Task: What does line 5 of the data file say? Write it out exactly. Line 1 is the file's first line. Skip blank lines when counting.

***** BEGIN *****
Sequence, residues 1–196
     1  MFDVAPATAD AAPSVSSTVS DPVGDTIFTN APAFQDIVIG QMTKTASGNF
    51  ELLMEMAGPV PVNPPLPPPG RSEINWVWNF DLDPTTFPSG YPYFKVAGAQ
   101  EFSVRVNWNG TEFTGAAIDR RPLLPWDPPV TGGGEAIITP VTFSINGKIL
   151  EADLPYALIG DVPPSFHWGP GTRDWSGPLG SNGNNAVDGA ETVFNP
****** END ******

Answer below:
   151  EADLPYALIG DVPPSFHWGP GTRDWSGPLG SNGNNAVDGA ETVFNP